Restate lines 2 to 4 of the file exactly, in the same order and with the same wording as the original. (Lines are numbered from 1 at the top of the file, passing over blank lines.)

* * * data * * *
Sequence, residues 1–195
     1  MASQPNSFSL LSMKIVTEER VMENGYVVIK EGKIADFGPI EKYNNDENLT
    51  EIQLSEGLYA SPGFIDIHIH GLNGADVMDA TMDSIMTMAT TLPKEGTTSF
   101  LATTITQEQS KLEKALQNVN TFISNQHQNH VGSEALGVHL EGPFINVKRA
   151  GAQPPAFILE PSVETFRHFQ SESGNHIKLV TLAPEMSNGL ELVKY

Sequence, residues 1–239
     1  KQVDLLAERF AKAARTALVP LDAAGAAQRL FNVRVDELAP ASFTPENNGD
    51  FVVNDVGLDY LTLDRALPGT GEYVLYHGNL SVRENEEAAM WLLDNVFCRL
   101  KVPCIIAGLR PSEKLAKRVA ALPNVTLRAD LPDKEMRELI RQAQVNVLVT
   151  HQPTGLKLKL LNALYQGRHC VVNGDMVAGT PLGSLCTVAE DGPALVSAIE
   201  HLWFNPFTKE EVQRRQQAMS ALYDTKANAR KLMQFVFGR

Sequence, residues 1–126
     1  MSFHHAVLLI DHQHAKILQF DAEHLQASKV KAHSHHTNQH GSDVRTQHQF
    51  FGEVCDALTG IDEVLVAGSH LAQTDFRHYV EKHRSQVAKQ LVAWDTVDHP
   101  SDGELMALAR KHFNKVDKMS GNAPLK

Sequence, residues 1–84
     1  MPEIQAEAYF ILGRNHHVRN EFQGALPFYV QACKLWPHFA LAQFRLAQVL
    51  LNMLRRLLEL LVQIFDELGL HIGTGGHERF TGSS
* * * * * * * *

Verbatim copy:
     1  MASQPNSFSL LSMKIVTEER VMENGYVVIK EGKIADFGPI EKYNNDENLT
    51  EIQLSEGLYA SPGFIDIHIH GLNGADVMDA TMDSIMTMAT TLPKEGTTSF
   101  LATTITQEQS KLEKALQNVN TFISNQHQNH VGSEALGVHL EGPFINVKRA